Ram Lal was young and ambitions—he wanted direct rapport with the Prime Minister Indira Gandhi, when there were dissidents against him during his tenure as Chief Minister—Romesh Bhandari was a bureaucrat and wanted to be nearer to the Congress high command to get some political position. Buta Singh had remained an active congressman and Home Minister of India. He had been asked to resign during the period of Atal Behari Vajpayee, when initial enquiry against him started. SC Jamir was in a hurry to show that he is an efficient leader; Sibte Rizvi had been an active youth Congress leader and wanted to get something at the centre. Hans Raj Bhardwaj was an active congressman and nearer to Gandhi family. He has been an irritant to Congress leaders and public at large because of his role in Bofors case. He wanted to be an active politician again by coming near to the power. Bhardwaj’s action shows that he is ignorant of law and ethics, besides being a confused person. His only aim has been to remove the government. He is not even consistent and took even a ‘U’ turn, which flopped.
But interestingly these things did not happen during the tenure of non-Congress Prime Ministers.
One feels ashamed to know that such people, who have no knowledge of law remained as law ministers of India. It reminds me the story of wolf and the lamb where the lamb was killed on lame excuses but here the lamb survived because he managed to know the game plan of Bhardwaj.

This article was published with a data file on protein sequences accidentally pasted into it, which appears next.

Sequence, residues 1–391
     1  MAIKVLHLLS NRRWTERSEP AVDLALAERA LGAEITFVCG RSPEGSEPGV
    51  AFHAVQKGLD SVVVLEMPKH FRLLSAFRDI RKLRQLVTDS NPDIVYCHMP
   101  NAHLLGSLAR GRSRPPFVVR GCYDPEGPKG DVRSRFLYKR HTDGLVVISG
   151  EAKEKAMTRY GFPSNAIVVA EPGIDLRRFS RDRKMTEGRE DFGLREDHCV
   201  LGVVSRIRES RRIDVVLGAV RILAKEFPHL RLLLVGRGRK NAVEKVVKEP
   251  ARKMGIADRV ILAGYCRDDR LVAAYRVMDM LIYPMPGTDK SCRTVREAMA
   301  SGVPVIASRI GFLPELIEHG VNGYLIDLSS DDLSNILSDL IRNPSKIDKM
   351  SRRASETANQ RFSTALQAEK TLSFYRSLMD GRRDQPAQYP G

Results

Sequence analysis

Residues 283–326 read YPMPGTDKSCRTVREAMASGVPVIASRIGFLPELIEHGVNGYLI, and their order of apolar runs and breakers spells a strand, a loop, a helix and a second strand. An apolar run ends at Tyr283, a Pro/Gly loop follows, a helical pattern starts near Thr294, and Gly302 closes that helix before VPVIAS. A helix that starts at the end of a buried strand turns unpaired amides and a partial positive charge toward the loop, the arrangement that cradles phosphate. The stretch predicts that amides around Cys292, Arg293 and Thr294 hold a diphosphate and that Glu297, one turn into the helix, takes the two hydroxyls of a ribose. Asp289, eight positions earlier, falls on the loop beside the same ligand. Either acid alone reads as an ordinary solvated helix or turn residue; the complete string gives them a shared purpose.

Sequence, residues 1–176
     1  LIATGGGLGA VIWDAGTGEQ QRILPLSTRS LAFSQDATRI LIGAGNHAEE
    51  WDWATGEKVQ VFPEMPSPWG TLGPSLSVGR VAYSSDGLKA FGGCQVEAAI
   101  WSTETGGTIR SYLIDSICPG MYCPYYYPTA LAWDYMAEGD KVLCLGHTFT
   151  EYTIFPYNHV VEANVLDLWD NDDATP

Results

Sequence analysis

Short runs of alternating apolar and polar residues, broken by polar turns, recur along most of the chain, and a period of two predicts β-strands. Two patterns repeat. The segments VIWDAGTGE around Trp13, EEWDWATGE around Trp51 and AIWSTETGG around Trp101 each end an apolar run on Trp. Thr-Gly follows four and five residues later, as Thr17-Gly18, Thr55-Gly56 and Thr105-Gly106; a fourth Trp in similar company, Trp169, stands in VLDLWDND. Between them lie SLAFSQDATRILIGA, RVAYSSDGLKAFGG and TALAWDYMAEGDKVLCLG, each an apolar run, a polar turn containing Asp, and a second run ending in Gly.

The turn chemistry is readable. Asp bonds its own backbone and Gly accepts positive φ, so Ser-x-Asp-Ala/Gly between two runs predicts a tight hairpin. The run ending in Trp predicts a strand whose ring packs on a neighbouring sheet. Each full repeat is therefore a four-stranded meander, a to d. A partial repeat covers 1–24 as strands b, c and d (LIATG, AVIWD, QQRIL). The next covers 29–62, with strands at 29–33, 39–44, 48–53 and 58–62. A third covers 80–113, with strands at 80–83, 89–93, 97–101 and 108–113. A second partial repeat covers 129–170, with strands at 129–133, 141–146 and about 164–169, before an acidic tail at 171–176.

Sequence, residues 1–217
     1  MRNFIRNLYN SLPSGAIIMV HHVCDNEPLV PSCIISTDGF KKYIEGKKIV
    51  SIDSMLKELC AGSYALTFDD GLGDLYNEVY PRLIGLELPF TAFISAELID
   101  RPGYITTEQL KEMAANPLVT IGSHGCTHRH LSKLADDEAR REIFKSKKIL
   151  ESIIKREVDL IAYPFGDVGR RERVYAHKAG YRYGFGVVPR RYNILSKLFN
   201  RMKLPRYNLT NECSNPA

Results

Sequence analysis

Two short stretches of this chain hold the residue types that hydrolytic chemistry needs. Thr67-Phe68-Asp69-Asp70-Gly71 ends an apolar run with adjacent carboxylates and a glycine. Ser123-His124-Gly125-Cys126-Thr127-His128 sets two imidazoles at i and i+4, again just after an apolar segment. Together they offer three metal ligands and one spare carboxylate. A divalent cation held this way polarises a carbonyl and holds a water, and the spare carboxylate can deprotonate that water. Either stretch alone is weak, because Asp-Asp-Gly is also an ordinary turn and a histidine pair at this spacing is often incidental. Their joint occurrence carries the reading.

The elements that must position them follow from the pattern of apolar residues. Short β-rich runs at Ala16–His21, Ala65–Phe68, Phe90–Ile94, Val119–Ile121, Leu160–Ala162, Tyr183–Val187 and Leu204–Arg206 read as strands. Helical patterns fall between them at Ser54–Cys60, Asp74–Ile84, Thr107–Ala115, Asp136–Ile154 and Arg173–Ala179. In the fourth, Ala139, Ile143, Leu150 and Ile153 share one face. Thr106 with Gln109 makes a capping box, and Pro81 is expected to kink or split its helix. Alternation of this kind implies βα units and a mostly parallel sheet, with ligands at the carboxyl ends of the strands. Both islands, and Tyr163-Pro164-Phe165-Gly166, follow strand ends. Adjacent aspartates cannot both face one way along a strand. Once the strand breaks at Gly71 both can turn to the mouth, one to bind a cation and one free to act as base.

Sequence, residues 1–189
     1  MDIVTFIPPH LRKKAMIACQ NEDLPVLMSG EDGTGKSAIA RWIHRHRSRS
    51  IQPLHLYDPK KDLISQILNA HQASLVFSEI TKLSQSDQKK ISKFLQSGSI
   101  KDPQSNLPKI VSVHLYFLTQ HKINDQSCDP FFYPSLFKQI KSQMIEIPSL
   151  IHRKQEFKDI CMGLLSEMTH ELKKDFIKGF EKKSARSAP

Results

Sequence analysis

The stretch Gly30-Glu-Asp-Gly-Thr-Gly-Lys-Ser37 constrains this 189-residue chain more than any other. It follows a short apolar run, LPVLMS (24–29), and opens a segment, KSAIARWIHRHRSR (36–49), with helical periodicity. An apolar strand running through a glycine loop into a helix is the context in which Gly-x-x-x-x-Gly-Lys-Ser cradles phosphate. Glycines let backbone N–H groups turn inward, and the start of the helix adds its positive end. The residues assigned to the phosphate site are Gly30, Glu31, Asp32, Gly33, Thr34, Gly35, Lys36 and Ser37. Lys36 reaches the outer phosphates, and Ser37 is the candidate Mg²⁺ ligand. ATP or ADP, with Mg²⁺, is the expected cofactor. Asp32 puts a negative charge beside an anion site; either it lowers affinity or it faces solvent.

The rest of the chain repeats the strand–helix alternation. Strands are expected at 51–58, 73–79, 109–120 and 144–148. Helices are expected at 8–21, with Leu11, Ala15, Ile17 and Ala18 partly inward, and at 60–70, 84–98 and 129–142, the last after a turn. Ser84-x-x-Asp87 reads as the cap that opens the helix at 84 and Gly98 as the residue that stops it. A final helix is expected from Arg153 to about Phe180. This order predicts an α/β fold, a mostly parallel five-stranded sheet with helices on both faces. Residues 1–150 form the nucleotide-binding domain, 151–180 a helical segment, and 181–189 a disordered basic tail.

The Governor on the directions of his central leadership tried to poke his nose everywhere. First of all he publicly scolded the Chief Minister and then abused ministers. He publicly talked against two ministers and told the Chief Minister to drop them. It is first the reverse of the constitutional provision which stipulates that the Governor can advise, but he cannot publicly scold the ministers or remove them. Interestingly, the former law minister did what was not expected of him. But when his effort failed he managed defection and advised the CM to seek a vote of confidence. He ordered the Speaker to conduct a vote of confidence by allowing the expelled members. He faltered that the Speaker and not Governor is the incharge of House. When there was a rude behaviour during the vote of confidence, the Governor rejected the confidence vote and ordered for imposition of Article 356 and subsequently ordered the CM to get a re-confidence motion. But the CM was not a lamb and he survived the crisis.